Depth of field can be a somewhat confusing topic to get to grips with if you’re new to photography. That is to say, it’s easy to see what depth of field is, but it can be tricky to understand what elements can cause it to change, whether intentionally or by accident. In this video, photographer Kellan Reck takes a look at depth of field and explains the variables that can affect your depth of field.
Manual exposure. It’s probably the scariest term out there for new camera owners. Stepping out of automatic or semi-automatic exposure modes for the first time can be a daunting task. When you’ve only ever shot in the automatic modes, understanding the manual and the exposure triangle can be difficult to wrap your head around.
Well, this 26-minute video from photographer Sean Tucker should help to demystify it for you. He goes in-depth to break everything down to the basic fundamental principles. He explains what each of the three settings means, how they function, and how they all work together to create a good exposure.
The inverse square law (ISL) is one of those principles of photography that drives people crazy. It’s a fairly simply concept that’s broken down into a rather confusing sentence. It states that the intensity of an effect such as illumination or gravitational force changes in inverse proportion to the square of the distance from the source. That, to most people means absolutely nothing.
So, in this video, photographer Joe Edelman is here to explain it in straightforward terms. In his usual way, Joe has lots of diagrams and practical examples to illustrate what it’s all about. The ISL can be a difficult one to wrap your head around at first. Once you understand it, though, it all makes complete sense. You’ll wonder how you ever got on without knowing it.
Understanding light is one of the main conditions for successfully illuminating our subjects in photography or videography. Matthew Rosen from KINETEK explains some basic principles of lighting, and how to apply them on different types of surfaces. It’s explained in a simple way, with comprehensive examples, so it will be very useful and easy to follow for all the newbies.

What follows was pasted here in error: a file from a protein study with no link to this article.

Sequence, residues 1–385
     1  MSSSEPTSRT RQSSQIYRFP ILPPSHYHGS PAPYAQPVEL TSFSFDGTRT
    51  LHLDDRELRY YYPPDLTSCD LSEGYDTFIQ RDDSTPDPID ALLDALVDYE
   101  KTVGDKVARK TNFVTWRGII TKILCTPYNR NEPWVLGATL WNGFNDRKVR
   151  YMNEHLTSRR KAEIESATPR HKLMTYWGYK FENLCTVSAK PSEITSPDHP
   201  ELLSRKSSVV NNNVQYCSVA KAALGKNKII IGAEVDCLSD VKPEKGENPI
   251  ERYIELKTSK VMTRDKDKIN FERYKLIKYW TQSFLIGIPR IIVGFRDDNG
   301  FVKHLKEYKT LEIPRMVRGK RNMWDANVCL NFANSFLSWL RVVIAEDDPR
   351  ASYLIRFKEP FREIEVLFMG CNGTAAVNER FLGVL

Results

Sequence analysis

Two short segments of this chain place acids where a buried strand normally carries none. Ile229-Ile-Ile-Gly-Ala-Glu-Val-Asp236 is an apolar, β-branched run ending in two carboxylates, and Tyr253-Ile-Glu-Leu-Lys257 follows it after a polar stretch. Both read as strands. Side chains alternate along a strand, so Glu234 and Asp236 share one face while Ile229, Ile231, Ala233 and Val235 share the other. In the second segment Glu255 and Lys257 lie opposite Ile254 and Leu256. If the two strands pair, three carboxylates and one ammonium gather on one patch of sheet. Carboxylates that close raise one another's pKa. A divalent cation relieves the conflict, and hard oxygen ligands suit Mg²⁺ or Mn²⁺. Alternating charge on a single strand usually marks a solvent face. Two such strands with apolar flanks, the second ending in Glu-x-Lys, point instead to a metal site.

The aperture is one of the most difficult things for new photographers to wrap their head around. The number system seems confusing (smaller number, bigger hole), depth of field, how it affects exposure. It’s a lot to take in all at once.
This five minute animated video from YouTuber Apalapse goes over everything you ever needed to know about your camera lens’s aperture. It goes over some of the issues associated with picking which type of lenses you might want to buy, too.
When I first started photography, I struggled a lot with lighting. In the beginning, we are often told to shoot our subjects in open shade. If you don’t know how to do this properly, then the results can be disastrous: faces with dark shadows, eyes with no depth, overexposed backgrounds, etc.
To be able to create composites using your photos, you must first know how to take a properly-lit image. If the lighting in your foundation photo is off, your composite will not look right, even with heavy editing. The following are four basic lighting principles I wish I knew in the beginning of my photography career and that I’ve personally had a lot of success with:
Up front let me say “field curvature” is not that pesky problem where images with straight lines in the frame seem to bow in or out as you move towards of the corners, that would be distortion, which comes in two core flavours, barrel and pincushion, with moustache as a somewhat recalcitrant but rare third option. There is a relationship between distortion and field curvature, but we won’t be getting into that in this article.
Field curvature can be a right little bastard, causing time dilation, warping gravitational fields, interfering mercilessly with photons and fooling with quantum calculations…..well actually it won’t do any of those things but it can indeed be tricky if you don’t know what it is and how it might impact on your photos.
Without light, there would be no such thing as photography. But simply having light isn’t enough. Cameras turn our three dimensional world into a two dimensional flat image. Light allows us to bring that third dimension back into our images. In order to do that, we need to know how to read it and how to control it.
In the first of a new video series from The Slanted Lens called Laws of Light, Jay P. Morgan looks at the humble sphere. And why not? It’s the perfect representation of three dimensionality which lets you easily see all the principles of light. I’ve seen similar demonstrations in the past using everything from pool balls to bowling balls.